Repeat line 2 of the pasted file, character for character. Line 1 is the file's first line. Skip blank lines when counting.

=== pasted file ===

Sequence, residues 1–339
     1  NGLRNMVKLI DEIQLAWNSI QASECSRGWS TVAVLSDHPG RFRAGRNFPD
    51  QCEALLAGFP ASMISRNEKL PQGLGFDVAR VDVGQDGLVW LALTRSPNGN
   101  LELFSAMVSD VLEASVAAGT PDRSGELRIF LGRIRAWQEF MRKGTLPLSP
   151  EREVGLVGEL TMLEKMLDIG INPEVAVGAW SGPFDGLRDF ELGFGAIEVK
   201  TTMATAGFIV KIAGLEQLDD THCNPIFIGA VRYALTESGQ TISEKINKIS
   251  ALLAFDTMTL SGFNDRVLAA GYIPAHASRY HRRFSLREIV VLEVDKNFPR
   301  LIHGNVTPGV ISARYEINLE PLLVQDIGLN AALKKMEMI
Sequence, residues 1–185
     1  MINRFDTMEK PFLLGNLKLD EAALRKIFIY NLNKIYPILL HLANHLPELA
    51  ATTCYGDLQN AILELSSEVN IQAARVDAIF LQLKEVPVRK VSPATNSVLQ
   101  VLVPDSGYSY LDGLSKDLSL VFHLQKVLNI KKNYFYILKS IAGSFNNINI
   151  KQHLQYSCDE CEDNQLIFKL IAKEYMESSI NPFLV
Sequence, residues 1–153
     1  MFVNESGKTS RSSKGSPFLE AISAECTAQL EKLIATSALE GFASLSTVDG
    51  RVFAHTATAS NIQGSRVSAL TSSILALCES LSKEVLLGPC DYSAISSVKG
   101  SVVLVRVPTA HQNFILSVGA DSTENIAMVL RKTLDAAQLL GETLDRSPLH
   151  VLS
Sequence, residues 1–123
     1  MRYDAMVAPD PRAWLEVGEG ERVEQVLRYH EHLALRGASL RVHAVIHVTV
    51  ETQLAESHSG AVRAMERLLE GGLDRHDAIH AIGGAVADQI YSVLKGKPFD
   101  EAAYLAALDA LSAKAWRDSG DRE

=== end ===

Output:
     1  NGLRNMVKLI DEIQLAWNSI QASECSRGWS TVAVLSDHPG RFRAGRNFPD